Thoughts for new artists (like me).

I have always loved to draw but it wasn’t until I retired that I really began investing time in art. As a predominantly self-taught artist over the past decade, I read many books and look at online resources. I wish I had kept a journal to track the things I’ve learned, when I learned them, and a list of ALL the resources I’ve used. For those of you who are beginning your artistic endeavors, I recommend that you journal your pathway to learning.

When the Student Is Ready the Teacher Will Appear
-Unknown

When I began learning, I attended classes taught by a local artist, “Mary Beth Downs of Duluth, MN. Her approach utilized a set lesson plan. She insisted that everyone needs the basics, whatever your skill level. Many of the subjects she covered I was not ready for so they went in one ear and out the other but she effectively planted seeds for the future. She provided handouts that I was able to refer back to once I was ready for that topic. As I continue to learn, practice, fail, succeed, and process information, I form specific questions that need answering. When attending classes with Mary Beth I could ask her, but afterward for information I still use books, internet, YouTubes, workshops, fellow painters, etc., and my own trial and error to discover what I am lacking.

As you know, everyone learns in their own way; some people are more visual, others are verbal, physical, logical…   There is also this ‘sides of the brain’ (left brain logical, right brain creative) aspect to consider. What I found out about myself is I am a physical and logical artist – I need to make sense of what I am doing and then do it!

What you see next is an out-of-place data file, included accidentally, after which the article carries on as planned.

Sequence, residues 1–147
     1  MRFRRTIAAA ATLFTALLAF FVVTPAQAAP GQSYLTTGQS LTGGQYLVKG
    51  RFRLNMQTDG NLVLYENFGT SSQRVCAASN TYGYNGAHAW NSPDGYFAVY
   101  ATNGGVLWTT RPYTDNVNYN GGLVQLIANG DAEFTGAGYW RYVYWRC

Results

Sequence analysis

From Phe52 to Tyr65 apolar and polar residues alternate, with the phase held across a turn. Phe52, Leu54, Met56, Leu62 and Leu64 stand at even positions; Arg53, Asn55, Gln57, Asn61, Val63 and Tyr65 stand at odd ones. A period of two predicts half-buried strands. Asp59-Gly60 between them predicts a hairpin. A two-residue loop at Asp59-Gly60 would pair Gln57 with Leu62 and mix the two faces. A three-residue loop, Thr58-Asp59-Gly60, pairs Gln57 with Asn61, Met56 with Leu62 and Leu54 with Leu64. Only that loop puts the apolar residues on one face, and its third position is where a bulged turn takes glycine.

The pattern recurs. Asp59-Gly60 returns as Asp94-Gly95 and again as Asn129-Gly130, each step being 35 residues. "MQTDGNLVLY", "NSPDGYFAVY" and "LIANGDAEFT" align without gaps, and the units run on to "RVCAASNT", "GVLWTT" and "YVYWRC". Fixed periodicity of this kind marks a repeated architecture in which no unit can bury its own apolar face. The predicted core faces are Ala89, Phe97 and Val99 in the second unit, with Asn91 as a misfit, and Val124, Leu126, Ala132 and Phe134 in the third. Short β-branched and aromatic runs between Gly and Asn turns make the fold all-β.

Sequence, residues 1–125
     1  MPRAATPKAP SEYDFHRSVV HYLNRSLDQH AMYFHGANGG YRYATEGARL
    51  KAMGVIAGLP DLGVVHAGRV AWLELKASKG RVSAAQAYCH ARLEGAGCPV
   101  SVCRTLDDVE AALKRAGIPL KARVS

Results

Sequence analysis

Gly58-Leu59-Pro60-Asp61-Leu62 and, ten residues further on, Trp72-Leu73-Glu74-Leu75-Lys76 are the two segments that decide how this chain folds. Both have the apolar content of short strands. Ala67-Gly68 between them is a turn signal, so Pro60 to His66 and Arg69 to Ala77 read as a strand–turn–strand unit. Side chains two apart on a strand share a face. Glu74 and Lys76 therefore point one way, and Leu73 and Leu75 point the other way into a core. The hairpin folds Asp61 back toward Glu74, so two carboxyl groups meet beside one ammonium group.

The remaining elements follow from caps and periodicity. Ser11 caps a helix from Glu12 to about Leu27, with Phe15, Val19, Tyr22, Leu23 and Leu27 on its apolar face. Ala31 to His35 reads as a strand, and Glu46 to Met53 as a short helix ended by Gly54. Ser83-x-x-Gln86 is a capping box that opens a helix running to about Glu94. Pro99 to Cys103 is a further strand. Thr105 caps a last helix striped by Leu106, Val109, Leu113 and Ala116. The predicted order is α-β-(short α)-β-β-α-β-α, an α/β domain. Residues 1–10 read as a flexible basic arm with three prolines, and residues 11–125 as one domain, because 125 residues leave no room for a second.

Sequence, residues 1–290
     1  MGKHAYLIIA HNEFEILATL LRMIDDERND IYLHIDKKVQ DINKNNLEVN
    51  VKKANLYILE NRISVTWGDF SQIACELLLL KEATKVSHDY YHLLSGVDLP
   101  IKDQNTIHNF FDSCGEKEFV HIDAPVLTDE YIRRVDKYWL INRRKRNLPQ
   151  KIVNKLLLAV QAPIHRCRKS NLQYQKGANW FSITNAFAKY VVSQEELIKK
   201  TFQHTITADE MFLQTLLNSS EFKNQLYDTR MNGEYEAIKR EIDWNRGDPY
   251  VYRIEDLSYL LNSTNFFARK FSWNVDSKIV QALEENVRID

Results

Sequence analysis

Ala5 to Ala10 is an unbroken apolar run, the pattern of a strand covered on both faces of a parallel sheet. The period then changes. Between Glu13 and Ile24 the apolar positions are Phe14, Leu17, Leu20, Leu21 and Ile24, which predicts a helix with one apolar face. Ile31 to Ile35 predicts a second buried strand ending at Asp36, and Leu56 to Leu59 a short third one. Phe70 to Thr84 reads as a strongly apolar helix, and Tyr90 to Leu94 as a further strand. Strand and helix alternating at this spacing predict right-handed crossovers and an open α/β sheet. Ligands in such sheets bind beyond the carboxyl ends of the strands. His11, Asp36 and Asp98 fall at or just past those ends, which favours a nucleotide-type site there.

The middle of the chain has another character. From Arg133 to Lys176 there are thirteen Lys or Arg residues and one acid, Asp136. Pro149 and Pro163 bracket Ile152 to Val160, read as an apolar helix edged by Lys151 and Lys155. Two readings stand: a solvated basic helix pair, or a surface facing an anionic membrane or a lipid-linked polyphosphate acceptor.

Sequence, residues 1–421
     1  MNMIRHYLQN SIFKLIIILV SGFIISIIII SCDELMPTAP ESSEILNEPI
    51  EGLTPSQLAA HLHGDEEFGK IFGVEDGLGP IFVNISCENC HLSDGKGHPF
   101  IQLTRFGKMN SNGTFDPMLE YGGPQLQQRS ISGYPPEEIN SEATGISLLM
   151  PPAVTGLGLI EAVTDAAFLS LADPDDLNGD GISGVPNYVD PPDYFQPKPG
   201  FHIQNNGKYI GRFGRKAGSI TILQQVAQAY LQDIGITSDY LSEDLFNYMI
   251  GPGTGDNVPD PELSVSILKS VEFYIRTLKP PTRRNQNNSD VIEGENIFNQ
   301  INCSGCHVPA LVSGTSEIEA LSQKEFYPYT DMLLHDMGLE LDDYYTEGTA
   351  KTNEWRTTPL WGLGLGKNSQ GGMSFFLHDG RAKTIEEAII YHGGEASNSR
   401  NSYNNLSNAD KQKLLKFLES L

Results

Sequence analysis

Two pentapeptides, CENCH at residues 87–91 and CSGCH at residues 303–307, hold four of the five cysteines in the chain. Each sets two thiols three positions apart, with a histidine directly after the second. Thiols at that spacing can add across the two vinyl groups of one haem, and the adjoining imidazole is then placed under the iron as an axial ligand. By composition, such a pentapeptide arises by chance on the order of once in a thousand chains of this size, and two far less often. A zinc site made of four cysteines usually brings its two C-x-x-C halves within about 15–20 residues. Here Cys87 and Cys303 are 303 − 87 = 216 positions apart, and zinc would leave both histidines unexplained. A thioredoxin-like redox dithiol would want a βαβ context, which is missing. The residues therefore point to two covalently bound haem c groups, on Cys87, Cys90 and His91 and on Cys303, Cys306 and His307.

When I approach painting and drawing I do it from a “why did that happen”, or “how do I do that” perspective.  So it follows that when I teach I want students to understand the most basic fundamentals first so they can understand how to control the flow of watercolor paint (logic/left side of the brain) before they can create the art they envision (right side of the brain). Take sewing for example. I believe you need to learn how to handle the needle & thread and properties of the fabric and then the ins and outs of the sewing machine before you can become a seamstress. So, my philosophy is you need to first learn the properties of  water, the brush, paper, and paint, then learn to be an artist.

Last edited 10 Jul 18, review. 6 Aug 16, D’s edits